Bethany's Readers' Advisory

The place to go for readers' advisory on books for children, teens, and adults

Moon Over Manifest by Clare Vanderpool February 26, 2011

After a childhood spent moving from place to place and nowhere to call her own, Abilene Tucker rolls off the train into the tiny town of Manifest.  Her father sent her to his childhood home with nothing but a flour sack of her few possessions and a letter stating she was to be in the care of Pastor Howard for the summer.  The sign at the edge of town says Manifest is “a town with a past.”  The more Abilene learns about her new home, the more she realizes this is true.  From Hattie Mae, the reporter around town, to Shady, the pastor/bartender, to Miss Sadie, the local diviner, Abilene learns about the Manifest of 1918 and how it shaped the town and the people of the Manifest she comes to know during the summer of 1936.

Abilene is a strong little girl who learns about friendship, trust, and  learns how and the choices people make that can affect an entire town.  Abilene really grows as a character and the story is well done.

Newbery Medal winner

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Finger Lickin’ Fifteen by Janet Evanovich

Filed under: adult fiction,humor — Bethany @ 11:19 pm
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Finger Lickin’ Fifteen is yet another successful installment in the Stephanie Plum series.  Lula accidentally witnesses the murder of celebrity chef Stanley Chipotle and finds herself the killers’ next target.  In order to protect herself and solve the mystery, Lula, with the help of Grandma Mazur, enters a barbecue contest in Chipotle’s place.  Meanwhile, Stephanie takes on extra hours with Rangeman and is once again tempted by the steamy Ranger.  Car explosions, fire bombs, and fried chicken make appearances in the story as well.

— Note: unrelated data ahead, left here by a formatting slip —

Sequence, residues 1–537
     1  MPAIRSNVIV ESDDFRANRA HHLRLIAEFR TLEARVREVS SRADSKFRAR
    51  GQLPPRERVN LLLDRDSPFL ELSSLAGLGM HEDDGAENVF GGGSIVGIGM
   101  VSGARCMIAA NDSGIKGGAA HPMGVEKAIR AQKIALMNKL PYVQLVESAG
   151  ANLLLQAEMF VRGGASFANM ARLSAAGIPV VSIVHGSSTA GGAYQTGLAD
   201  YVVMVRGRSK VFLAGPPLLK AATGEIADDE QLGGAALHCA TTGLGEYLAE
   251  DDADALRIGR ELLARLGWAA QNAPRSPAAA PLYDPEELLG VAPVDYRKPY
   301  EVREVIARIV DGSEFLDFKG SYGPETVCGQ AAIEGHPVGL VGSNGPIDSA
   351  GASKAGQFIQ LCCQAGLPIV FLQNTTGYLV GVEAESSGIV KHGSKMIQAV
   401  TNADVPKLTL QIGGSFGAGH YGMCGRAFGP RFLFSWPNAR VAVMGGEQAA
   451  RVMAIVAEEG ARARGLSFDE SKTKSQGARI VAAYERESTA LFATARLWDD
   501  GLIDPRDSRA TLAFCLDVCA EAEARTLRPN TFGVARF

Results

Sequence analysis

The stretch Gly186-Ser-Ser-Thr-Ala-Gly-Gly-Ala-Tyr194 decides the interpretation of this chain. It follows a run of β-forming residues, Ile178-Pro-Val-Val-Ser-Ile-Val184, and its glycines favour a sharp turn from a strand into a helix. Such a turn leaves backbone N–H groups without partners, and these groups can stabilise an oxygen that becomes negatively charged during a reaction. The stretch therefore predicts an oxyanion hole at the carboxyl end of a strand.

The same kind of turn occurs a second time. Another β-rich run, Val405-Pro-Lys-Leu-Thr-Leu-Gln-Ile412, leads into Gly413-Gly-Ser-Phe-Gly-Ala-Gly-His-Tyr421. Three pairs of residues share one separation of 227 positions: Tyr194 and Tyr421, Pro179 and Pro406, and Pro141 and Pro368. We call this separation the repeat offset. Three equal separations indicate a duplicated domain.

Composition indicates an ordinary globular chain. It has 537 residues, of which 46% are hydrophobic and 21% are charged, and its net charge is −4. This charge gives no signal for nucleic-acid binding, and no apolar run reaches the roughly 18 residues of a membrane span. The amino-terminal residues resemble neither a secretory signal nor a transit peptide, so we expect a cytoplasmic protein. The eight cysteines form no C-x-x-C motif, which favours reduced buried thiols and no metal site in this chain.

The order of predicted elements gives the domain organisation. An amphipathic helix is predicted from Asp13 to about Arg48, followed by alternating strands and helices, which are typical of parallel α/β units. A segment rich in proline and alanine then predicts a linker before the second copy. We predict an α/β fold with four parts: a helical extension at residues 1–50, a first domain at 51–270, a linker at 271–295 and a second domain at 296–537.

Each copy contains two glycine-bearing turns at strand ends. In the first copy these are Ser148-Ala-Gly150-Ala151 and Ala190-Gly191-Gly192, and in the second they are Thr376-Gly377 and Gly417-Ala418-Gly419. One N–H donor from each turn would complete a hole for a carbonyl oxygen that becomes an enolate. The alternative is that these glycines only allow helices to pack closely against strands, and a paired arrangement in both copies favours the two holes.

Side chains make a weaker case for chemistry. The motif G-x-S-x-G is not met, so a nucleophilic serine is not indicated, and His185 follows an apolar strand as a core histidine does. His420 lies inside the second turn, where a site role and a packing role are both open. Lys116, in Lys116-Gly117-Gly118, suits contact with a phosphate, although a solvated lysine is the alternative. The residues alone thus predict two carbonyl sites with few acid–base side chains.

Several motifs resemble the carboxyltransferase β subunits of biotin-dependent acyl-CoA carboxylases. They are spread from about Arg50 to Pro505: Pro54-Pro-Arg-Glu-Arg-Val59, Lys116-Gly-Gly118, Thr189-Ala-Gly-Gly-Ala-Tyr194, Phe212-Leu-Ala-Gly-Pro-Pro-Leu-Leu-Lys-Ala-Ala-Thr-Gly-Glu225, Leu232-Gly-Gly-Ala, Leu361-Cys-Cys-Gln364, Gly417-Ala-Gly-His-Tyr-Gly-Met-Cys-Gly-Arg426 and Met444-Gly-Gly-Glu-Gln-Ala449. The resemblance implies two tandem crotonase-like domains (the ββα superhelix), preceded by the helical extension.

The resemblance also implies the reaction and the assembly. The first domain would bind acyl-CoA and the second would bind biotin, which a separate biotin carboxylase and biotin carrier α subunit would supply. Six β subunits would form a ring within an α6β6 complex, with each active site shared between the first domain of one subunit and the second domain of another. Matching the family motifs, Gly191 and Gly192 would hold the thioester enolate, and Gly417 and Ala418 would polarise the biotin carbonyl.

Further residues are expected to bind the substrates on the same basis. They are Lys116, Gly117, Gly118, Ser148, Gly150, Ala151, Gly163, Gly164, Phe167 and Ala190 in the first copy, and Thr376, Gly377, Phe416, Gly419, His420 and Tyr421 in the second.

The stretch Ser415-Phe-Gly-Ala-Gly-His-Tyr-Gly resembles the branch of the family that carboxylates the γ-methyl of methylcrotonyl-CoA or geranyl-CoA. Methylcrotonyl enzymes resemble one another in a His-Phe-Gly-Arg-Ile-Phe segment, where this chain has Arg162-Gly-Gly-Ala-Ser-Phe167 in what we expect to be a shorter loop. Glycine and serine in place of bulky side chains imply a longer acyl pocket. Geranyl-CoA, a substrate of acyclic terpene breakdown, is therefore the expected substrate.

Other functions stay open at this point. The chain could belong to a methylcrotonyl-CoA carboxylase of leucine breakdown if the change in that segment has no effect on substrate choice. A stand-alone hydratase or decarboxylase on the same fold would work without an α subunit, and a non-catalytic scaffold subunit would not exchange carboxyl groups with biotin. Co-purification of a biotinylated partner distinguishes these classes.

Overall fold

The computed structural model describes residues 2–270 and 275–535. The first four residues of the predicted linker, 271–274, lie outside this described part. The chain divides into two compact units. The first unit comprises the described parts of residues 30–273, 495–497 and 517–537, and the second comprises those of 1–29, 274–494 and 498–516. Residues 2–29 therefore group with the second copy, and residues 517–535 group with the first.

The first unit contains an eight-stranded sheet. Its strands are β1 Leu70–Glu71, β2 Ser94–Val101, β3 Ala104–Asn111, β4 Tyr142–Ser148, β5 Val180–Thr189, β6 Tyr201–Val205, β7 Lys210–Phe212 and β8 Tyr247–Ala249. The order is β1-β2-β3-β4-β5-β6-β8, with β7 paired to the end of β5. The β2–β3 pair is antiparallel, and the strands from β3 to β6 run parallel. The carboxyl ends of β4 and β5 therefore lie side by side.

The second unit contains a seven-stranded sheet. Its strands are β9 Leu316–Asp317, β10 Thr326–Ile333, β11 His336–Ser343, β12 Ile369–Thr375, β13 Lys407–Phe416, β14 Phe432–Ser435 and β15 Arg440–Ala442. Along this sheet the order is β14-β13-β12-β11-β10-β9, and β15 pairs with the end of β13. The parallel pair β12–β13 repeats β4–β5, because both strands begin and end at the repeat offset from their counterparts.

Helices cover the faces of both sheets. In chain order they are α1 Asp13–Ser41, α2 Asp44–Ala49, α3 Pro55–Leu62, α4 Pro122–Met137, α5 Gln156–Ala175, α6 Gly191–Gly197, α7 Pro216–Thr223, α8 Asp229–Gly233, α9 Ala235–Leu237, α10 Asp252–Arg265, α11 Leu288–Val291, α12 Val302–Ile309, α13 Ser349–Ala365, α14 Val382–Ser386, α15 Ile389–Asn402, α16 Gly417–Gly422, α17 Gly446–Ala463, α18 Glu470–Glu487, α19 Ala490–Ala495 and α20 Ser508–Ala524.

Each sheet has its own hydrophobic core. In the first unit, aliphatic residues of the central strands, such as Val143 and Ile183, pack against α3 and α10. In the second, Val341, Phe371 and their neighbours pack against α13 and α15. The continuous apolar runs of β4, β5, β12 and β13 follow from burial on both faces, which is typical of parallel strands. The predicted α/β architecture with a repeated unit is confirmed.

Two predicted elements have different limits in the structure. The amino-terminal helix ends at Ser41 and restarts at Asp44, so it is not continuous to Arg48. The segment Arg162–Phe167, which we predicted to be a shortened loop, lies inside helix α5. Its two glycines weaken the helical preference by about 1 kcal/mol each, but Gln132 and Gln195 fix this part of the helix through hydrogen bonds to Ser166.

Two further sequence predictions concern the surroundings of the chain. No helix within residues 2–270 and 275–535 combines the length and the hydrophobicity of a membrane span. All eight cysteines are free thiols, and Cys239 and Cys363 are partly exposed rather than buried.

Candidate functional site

As expected, this book contains plenty of laugh-out-loud moments and inspires junk food cravings.  Fans of Evanovich will not be disappointed.

 

Men and Dogs by Katie Crouch

When Hannah Legare was 11 years old, her father went out for a fishing trip and never returned.  Although the dog and the boat were eventually recovered, her father’s body was never found.  Hannah, now 35, still suspects that her father is alive somewhere.  She never quite recovered from his disappearance and it continues to be detrimental to her life.

After an accident trying to reconcile with her husband, Hannah returns to her hometown of Charleston, South Carolina to recover.  After hiding for years in San Francisco, she must deal with her overbearing mother, loud stepfather, successful brother, and former boyfriend turned minister.  Hannah wonders if she will ever be able to move past her father’s disappearance as the rest of her family did long ago.

It was hard to finish this book.  The characters developed very little throughout the storyline and I had a difficult time relating to or even sympathizing with any of them.  The mystery of the father’s disappearance was not developed enough to keep me intrigued.  A dull, uninspiring read.

 

Just Kids by Patti Smith

Filed under: adult memoir,nonfiction — Bethany @ 11:00 pm
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When she was 20 years old, Patti Smith boarded a bus to New York to try life as an artist.  Her plan was to stay with friends in Brooklyn, find a job to support herself, and learn how to be an artist.  When Patti arrived in Brooklyn, her friends were no longer there and she was homeless, jobless, and hungry.  Eventually Patti finds friendship with a young man named Robert Mapplethorpe, a fellow aspiring artist.  The two lean on one another as they struggle to stay afloat in Brooklyn and find their way in the art world.  Their relationship and their talents evolve with friendships and encounters with a variety of fellow artists including Janis Joplin and Allen Ginsberg and years spent at the Hotel Chelsea.  Both eventually come into their talents, Patti in music, Robert in photography.